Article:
In the Unlikely Event by Judy Blume. Doubleday Canada, out now.
[I received this book from Random House Canada in exchange for an honest review; this did not affect my opinion of the book whatsoever.]
I’m going to admit something: I don’t know much about Judy Blume. *flinches* I know I read her books as a kid, but I don’t remember anything about them. I haven’t read Summer Sisters (yet) either. I didn’t freak out when she came to Toronto. But I was still really curious about her new adult fiction novel In the Unlikely Event. This also means I came to the book with a different viewpoint than her big fan readers.
In the Unlikely Event fictionalizes a true history – in the 1950s, three planes crashed over Elizabeth, a small town outside Newark, New Jersey. Planes were still relatively new then, not as safe as they are now. It was purely coincidental, but extremely tragic. As Judy grew up in Elizabeth when this happened, this book was destined for her to write. She’s imagined many citizens who were affected by the crashes and how their lives changed after the impact.
The biggest reason why I was interested in The Unlikely Event is because of the psychological angle. I find reading mental processes as people fall apart and how trauma affects them to be fascinating (why I loved The Bell Jar!). I also was interested in how because it was a town-wide tragedy, people who were not even directly related to the crashes or victims were traumatized. I guess it’s a little like the whole watching a car crash thing, like being glued to the news when something awful happens, but I don’t really want to go farther into the blood and guts territory. In the Unlikely Event focused heavily on psychology of trauma, and I think Judy captured it quite vividly.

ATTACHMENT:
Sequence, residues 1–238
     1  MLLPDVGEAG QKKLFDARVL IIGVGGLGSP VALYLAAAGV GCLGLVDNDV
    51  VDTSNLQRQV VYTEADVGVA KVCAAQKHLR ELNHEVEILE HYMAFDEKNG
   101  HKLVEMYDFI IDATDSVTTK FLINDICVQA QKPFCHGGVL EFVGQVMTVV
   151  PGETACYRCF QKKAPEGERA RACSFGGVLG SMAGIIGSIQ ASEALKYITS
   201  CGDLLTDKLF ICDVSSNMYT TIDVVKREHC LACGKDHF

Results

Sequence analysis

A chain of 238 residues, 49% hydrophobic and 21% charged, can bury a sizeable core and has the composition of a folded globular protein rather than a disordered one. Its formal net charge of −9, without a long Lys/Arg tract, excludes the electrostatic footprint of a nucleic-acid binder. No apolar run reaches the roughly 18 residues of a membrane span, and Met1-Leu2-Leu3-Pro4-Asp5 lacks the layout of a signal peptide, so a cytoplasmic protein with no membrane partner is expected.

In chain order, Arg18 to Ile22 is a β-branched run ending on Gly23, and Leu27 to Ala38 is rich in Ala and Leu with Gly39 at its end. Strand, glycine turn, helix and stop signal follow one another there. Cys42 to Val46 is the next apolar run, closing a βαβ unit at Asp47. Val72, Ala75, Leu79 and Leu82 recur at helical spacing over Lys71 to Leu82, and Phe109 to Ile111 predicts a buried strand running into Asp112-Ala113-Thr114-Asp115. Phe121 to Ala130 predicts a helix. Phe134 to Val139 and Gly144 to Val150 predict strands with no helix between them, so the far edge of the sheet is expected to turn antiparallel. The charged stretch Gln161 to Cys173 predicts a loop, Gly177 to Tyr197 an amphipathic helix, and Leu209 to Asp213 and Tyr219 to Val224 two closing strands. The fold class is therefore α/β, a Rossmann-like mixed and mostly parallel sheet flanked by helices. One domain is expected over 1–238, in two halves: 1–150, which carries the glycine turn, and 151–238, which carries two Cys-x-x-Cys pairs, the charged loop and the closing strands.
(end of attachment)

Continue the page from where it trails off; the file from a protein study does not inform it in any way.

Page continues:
Judy quickly cycles through many citizen’s psyches throughout the book. At the beginning it’s overwhelming and hard to keep track of who is who, but as it progresses she sticks to a few main characters, especially Miri Ammerman, a 15-year-old who was thrown off the ground when the first plane fell, who then has nightmares, and has to focus her attention between her first love, her best friend who is withering away and her private single mother.
It’s hard to think about how people can live past trauma, how they can keep going, but In the Unlikely Event does it for you. How does a widower go on knowing their wife died in a plane crash? How does a family go on when one of their children couldn’t be saved from their burning building? How do parents understand why their daughter has developed an eating disorder? How does a journalist keep reporting gruesome details? In the Unlikely Event doesn’t try to make it look like anyone is stronger than anyone else, which I admired. People react differently, and providing all these characters allowed Judy to explore all of the options.
I was reading the book one day, sitting on a bench in a park. I heard a roar, and above me was a group of small planes, what I’m presuming as either planes practicing for the CNE air show or some sort of class. They blasted overhead, it felt so close. They were doing air tricks, not just flying from point A to point B. At one point, I saw one break off from the group and emit more exhaust, like it had made a mistake. Those split moments can determine everything. I was paralyzed for a moment, until I saw it regain composure. I am quite scared of flying, even though they say it’s more safe than driving. It’s the turbulence and the distance of a drop, the impact, that makes my stomach squeeze. And I’ve been thinking about how people die in accidents a lot lately. How unfair it is, that someone can die by a mistake. I sure don’t want to go that way.
In the Unlikely Event is a brave, loving and realistic story. It teleports your mind into the past and your heart into its characters.